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This abandoned electric cable exposed  at low tide, Poole harbour. A shame that people don’t clear up their own mess.

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The Condor ferry which runs from Poole is truly hideous. More like a space ship than a ferry.

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Altruistic.I must donate.

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This would be a very elegant sailing boat with a bit of care from its owner. Sad about the sail being left like that. It’s astonishing the number of nice boats which are just left to rot.

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Taken while at anchor in the R Piddle during my final evening. It had to wade through very soft mud before reaching the water and sank in up to its knees and the ebb stream was running hard too but it was unfazed. It returned by the same route a short time later…

I didn’t see my friendly seal in the River Piddle this time. I hope that he or she is OK and still around




June 2015 update and a sailing trip – part 1

Just back yesterday from a 14 day trip in my little paradox sailing boat, the only trip this year so far, due to illness and the poor summer weather that we’ve had lately. This trip covered familiar ground which I’ve sailed many times so nothing very adventurous. I wanted to stay near to home so that in the event of a domestic emergency I could react quickly..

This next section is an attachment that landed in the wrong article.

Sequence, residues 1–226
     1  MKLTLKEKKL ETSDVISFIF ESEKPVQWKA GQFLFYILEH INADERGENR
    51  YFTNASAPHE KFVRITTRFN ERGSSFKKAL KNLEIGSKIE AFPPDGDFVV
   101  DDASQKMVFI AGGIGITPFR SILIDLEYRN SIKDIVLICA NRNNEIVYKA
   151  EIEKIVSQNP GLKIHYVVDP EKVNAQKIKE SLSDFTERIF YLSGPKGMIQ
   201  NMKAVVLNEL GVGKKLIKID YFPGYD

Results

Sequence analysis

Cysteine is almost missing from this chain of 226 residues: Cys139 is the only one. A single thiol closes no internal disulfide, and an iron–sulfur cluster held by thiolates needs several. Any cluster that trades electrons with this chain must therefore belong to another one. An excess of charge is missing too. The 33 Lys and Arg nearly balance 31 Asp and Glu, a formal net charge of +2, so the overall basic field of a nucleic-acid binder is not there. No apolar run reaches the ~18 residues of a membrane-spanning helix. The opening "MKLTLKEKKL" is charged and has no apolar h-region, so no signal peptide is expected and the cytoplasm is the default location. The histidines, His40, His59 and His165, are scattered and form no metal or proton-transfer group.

I launched into the River Frome at Ridge Wharf Yacht Centre , which is a facility I’ve used many times before.

The slipway there is very steep. This is my car and trailer immediately after the boat has been launched. The water level wasn’t as high as I would have liked as the tide had dropped a fair bit by then.

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The front mounted tow ball makes it very easy to position the trailer exactly, for me – an old chap with a stiff neck.

Someone noted that my car is old by most standards but it’s actually the youngest of my little collection!

My little boat waiting for me on the waiting pontoon at the launching place.

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There was enough wind for me to sail down into the main part of the harbour and anchor in Brands Bay before low tide.

The anchorage in Brands Bay after the water had gone for a while

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I spent the first night at anchor there and it was very peaceful spot when the wind is from the west.

The next day the sun blazing down made the cabin too hot for me so fitted my blind to the hatch window.

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The west wind was fading away and forecast to become easterly so moved to the other side of the bay near Rusty Bow Point for better shelter

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The rusty bow is diminishing with rust and soon there’ll be nothing of it left and I’ll have to think of a new name for that spot. It’s a good spot to get ashore for a walk with firm sand on the little beach and nice heathland beyond.